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Bloggers - SEC & The BCS Championship

CollegeFootballNews.com
Posted Aug 22, 2011


From the CFN bloggers, here are their thoughts on all the important topics going into the 2011 college football season.


State of the Game - Bloggers

The One-Loss SEC Team Issue

2011 CFN State of the Game Topics  
- Should The Death Penalty Be On The Table? 
- What One Thing Can Stop The Cheating? | Bloggers Analysis
- How To Fix The NCAA | Bloggers Analysis
- Is There Institutional Control? | Bloggers Analysis
- The Cam Newton Situation | Bloggers Analysis
Was Stanley McClover Telling The Truth? | Bloggers Analysis
Should Players Get a Bigger Stipend? | Bloggers Analysis
- Should a one-loss SEC team play for it all? | Bloggers Analysis
- Why isn't there a playoff? | Bloggers Analysis
- The Programs About To Blow Up | Bloggers Analysis
- Does The Longhorn Network Matter? | Bloggers Analysis
- What'll Happen In Ten Years? | Bloggers Analysis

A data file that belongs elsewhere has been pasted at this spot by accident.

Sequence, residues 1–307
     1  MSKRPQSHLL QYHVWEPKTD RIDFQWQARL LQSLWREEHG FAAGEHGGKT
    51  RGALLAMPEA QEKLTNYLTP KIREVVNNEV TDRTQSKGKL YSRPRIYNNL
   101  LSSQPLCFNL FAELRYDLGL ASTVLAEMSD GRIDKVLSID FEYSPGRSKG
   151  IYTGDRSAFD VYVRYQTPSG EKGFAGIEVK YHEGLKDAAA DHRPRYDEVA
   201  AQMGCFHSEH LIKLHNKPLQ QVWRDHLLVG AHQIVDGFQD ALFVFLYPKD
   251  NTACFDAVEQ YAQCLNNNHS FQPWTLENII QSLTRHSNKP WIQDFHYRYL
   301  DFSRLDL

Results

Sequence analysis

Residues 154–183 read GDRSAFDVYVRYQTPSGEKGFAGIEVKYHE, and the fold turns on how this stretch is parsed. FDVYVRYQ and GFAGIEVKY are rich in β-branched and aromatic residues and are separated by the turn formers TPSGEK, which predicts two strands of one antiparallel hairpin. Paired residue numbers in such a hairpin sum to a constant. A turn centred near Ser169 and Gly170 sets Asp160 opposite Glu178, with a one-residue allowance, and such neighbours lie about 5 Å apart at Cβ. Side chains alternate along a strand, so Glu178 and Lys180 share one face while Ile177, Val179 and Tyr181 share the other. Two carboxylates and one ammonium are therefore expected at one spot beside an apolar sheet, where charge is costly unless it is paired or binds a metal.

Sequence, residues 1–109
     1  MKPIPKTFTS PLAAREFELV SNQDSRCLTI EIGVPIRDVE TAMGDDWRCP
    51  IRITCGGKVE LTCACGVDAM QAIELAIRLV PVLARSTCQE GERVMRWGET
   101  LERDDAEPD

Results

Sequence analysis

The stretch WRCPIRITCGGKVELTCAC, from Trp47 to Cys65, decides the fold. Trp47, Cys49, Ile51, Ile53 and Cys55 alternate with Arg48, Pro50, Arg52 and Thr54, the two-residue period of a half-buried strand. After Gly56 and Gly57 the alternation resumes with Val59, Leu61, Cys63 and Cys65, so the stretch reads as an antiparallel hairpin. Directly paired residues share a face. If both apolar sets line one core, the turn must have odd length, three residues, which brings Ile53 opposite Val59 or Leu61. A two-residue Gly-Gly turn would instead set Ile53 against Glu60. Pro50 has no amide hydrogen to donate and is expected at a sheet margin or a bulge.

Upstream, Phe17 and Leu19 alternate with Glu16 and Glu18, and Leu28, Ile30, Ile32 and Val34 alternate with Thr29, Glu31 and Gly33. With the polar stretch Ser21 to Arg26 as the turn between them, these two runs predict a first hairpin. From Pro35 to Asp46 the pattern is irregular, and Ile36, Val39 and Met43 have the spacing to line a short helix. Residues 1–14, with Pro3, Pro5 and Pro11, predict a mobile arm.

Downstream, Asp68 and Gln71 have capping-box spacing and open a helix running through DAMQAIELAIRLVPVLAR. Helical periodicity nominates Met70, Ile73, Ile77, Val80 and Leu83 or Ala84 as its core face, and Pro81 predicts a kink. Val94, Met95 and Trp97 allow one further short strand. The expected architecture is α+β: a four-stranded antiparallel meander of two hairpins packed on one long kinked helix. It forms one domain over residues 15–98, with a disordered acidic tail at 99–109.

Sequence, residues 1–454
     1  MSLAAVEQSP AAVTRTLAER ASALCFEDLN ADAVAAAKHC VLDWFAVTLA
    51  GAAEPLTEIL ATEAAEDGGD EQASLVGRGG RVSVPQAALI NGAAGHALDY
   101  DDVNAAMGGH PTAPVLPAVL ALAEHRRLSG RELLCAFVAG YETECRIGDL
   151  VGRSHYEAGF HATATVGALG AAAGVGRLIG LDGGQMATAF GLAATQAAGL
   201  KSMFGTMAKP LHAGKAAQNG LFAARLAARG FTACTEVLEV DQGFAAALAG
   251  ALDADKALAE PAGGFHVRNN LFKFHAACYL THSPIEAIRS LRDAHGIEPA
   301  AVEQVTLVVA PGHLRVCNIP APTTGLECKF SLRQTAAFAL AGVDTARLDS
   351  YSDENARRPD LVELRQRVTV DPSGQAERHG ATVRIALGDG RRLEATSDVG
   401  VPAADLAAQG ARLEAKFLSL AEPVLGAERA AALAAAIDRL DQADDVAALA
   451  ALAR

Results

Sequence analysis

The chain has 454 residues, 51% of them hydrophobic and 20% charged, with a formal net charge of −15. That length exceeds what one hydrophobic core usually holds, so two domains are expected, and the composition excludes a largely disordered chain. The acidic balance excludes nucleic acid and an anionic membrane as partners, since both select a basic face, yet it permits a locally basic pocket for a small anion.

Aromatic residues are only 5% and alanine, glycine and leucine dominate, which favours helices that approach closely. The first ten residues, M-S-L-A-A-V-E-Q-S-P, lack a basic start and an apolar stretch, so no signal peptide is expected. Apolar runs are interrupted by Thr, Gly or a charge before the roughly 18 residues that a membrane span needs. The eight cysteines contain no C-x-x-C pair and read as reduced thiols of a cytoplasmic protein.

- When Should Players Turn Pro? | Bloggers Analysis
- What's Your Beef? The Biggest Complaints | Bloggers Analysis

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By Randall Gyorko
Personally, I will feel totally comfortable if the two teams playing for the National Championship are undefeated. I will be able to fully embrace the winner of said battle of undefeated as the rightful National Champion; however, a little piece of me will always wonder what if. What if that SEC Champ was the best team and got tripped up somewhere in their #1 ranked SOS. In a perfect world, the run will come to an end when someone beats a SEC team in the big game, but if a National Championship game is played, and it doesn’t include a team from the SEC, I’ll be fine with that as well.

By Gabe Harris
I would not feel comfortable with the legitimacy of the BCS Championship winner if a one-loss SEC champion is not included unless that one loss was to a non-conference opponent; for example, Boise State beating Georgia. In a non-playoff world, the SEC has earned the benefit of the doubt.
 
By Matthew Peaslee